Stereotype: ESFPs are shallow, one-dimensional party animals who are only interested in having a good time.

Reality: ESFPs are incredibly emotionally intelligent – they can dissect peoples motivations and desires with incredible accuracy and employ their findings effectively. This type is highly observant and can figure out just about any system or pattern that they put their minds to – their realism works to their advantage and makes them infinitely sharper than they let on.


Stereotype: ISFPs are superficial and flakey.

Reality: Of all the sensor types, ISFPs are perhaps the most intuitive and spiritual. This type is highly observant and highly analytical – they are even apt to confuse themselves with intuitive types. Though they may appear to be off in la-la land regularly, the ISFP’s mind is always reeling – they are constantly analyzing what’s going on around them and what it means on a deeper level.


Stereotype: INTPs are emotionless and socially awkward.

Reality: INTPs are incredibly deep thinkers and correspondingly deep feelers. They are just as capable as (if not more capable than) any other type when it comes to experiencing deep emotions – they just aren’t as keen to express them. In the same vein, INTPs are not socially awkward by default – they are definite introverts but they are more than capable of developing their extroverted intuition to interact with the world around them. Enjoying social interaction and being capable of it are two different things.


Stereotype: ENTPs have no follow through and cannot commit to anything for the life of them.

Reality: Though they do flit quickly between ideas, ENTPs are highly motivated to achieve and they possess impressive follow-through when they set their minds to something. They don’t care much for externally imposed attention to detail but when they’re self-motivated to get something right, they’ll cross every I and dot every T until it’s exactly how they imagined it.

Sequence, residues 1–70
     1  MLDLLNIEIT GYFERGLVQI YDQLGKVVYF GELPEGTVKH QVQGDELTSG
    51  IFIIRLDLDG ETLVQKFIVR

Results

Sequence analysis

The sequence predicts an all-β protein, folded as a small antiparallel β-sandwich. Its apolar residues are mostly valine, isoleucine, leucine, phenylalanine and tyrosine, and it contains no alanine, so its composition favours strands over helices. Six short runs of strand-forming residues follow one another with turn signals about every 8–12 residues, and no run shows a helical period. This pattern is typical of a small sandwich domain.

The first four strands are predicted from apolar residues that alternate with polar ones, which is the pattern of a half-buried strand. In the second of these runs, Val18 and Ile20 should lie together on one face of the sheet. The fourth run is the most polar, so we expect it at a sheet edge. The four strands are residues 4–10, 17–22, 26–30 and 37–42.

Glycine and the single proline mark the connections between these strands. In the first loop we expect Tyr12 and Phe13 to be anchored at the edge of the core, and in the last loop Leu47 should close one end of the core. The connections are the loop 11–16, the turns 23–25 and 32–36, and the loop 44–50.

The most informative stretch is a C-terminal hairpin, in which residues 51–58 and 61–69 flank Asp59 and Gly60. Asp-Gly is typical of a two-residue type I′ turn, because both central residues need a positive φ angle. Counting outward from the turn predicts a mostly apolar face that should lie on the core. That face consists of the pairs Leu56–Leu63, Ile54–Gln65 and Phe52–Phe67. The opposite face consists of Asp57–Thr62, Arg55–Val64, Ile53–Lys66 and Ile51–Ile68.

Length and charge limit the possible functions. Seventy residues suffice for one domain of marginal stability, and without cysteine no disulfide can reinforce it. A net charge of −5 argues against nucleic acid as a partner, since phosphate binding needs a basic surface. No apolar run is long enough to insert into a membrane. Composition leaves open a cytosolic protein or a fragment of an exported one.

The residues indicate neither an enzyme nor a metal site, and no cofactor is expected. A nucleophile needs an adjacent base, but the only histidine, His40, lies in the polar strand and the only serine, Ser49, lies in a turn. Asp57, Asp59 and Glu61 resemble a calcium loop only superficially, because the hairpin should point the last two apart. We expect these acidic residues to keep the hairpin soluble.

Stereotype: ENTJs are alpha personalities who will squash or betray whoever it takes in order to get to the top.

Reality: Though they certainly are top dogs, ENTJs take social relationships incredibly seriously and would never want to tarnish their good name by going against their word. They can also be surprisingly sensitive when it comes to sticking up for the underdog and will often go to great lengths to ensure that they are giving fair and equal treatment to all.


Stereotype: INTJs are narcissistic know-it-alls who think that everyone else is intellectually inferior to them.

Reality: INTJs are indisputably aware of their own intelligence – but they’re also radically open-minded. This type is constantly taking in new information and deciding how each new piece fits into the puzzle that they’re assembling in their mind. They want to see a situation from all possible angles – which means they want to hear your take on it, even if they don’t necessarily agree with it off the bat. Thought Catalog Logo Mark